Vikrant, India’s first indigenously built aircraft carrier (IAC-1) which is presently undergoing extensive sea trials is expected to get commissioned later this year. This will provide a major boost to the Indian Navy’s existing blue-water power projection capability and reaffirm its status as the leading naval power in the Indian Ocean. India will also become only the sixth country in the post-World War 2 era to build an aircraft carrier, the other five being the five permanent members of the UN Security Council (USA, Russia, China, France and the UK). The indigenous construction of such a complex platform also bears testimony to India’s industrial prowess, technological skills and shipbuilding expertise and will inspire the national effort towards indigenisation and self-reliance (‘Atmanirbharta’) in the defence manufacturing sector.
An aircraft carrier is a versatile self-contained mobile air base comprising a mix of fixed and rotary-wing aircraft that can transit over 500 miles in a day with its own integral multi-mission capable combat air power. It can execute a wide spectrum of missions including maritime strike, Combat Air Patrol, anti-surface and anti-submarine warfare, airborne early warning, expeditionary operations and is a formidable presence for projecting political and military power in war and peace. Its integral capability is complemented by an accompanying battle group with multi-dimensional weapon and sensor platforms which not only protect the carrier from attack but also pack a formidable offensive punch for taking the fight to the enemy. A carrier is also configured as an excellent command and control platform capable of shaping the outcomes in a networked maritime battle-space and exercise sea control over a wide expanse of ocean.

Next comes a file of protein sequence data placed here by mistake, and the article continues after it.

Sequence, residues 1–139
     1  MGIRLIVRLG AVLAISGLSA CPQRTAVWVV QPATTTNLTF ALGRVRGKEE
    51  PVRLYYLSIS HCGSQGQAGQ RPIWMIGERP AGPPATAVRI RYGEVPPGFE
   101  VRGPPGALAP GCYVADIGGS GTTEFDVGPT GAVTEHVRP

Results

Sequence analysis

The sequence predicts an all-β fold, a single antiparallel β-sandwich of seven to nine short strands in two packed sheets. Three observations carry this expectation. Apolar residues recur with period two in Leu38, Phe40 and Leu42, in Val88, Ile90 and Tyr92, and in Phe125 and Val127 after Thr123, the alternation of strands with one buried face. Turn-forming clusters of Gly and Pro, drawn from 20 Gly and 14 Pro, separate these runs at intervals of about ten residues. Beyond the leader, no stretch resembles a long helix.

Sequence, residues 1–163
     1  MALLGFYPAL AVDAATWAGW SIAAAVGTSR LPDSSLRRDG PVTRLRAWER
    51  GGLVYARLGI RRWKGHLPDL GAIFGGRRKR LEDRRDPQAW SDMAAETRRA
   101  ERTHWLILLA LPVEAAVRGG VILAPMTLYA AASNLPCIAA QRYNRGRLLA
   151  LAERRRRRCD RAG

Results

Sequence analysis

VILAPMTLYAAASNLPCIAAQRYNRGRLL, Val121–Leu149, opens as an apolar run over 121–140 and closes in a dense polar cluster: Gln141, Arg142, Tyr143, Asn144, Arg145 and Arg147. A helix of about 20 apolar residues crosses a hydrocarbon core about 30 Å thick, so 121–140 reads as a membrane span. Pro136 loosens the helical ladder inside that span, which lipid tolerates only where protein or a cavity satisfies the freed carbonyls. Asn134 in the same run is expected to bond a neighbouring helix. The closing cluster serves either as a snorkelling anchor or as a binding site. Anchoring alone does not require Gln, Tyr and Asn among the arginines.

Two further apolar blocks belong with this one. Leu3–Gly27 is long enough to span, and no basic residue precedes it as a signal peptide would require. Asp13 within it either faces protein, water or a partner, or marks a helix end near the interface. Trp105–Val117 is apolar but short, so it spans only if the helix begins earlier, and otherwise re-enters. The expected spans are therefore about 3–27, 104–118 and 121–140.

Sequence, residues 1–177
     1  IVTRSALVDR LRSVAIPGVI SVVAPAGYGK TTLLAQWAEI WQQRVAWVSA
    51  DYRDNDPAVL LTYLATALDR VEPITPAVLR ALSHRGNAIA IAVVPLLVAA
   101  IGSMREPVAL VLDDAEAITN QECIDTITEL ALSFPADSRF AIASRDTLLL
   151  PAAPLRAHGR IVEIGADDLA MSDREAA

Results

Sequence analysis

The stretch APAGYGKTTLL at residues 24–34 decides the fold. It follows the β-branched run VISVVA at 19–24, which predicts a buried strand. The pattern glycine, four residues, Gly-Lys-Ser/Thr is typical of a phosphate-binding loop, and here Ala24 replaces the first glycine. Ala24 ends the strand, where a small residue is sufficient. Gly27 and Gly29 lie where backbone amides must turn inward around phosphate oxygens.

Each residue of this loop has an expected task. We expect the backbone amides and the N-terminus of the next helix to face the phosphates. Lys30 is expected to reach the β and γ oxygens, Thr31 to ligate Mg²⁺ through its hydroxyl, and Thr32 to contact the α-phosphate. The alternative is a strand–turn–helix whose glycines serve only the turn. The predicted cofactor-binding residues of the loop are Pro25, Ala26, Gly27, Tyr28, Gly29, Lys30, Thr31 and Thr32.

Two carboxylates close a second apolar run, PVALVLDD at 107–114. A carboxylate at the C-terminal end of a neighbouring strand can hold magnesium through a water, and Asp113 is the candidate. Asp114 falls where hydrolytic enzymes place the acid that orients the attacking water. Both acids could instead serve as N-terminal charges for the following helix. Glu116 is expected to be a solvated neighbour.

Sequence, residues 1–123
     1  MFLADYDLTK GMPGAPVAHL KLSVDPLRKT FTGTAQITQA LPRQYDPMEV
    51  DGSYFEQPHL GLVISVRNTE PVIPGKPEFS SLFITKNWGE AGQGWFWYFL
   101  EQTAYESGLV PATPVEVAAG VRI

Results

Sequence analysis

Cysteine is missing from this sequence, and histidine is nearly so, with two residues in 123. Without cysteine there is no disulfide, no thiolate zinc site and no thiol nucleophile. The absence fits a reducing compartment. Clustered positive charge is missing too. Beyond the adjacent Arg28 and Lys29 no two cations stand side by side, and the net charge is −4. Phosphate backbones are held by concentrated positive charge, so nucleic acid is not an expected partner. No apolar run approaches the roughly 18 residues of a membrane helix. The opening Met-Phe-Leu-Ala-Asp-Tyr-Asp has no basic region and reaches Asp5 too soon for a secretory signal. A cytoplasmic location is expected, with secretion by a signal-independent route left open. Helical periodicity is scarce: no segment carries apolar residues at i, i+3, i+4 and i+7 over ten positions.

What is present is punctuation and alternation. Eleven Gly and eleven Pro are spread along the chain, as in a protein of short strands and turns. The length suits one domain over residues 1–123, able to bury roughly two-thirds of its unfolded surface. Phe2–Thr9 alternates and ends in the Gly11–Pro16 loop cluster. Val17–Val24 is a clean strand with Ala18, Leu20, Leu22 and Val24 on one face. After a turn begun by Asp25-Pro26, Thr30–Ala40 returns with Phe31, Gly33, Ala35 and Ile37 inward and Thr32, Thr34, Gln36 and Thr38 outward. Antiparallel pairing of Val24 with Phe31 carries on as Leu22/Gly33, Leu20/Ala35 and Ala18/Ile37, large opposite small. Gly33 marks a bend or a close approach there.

As one enters the portals of the Naval Training Team at the prestigious National Defence Academy, the country’ premier military training establishment near Pune, one cannot but be struck by the sentence emblazoned at the entrance, “To be secure on land, we must be supreme at sea”. Attributed to India’s first Prime Minister Jawaharlal Nehru, it highlights the importance of the maritime domain for India and the imperative to ensure its security. From Independence itself, the Indian Navy has been structured as a carrier-centric multi-dimensional blue water force with the ability to project power in furtherance of the country’s national and maritime interests. As the leading Indian Ocean navy, it is also the net provider of security in the region. In the very first Naval Plans Paper of 1948, approval was accorded for three light aircraft carriers. India’s first aircraft carrier, INS Vikrant (ex- RN Hercules class) was commissioned 13 years later in 1961. However, despite the need for three carriers figuring in all naval plans since then, the Indian Navy has made do with just one carrier for the most part and two carriers occasionally, of which one has usually been nearing the end of its service life. Presently, INS Vikramaditya, commissioned into the Indian Navy in 2013 has been the Navy’s sole aircraft carrier since INS Viraat’s decommissioning in 2016.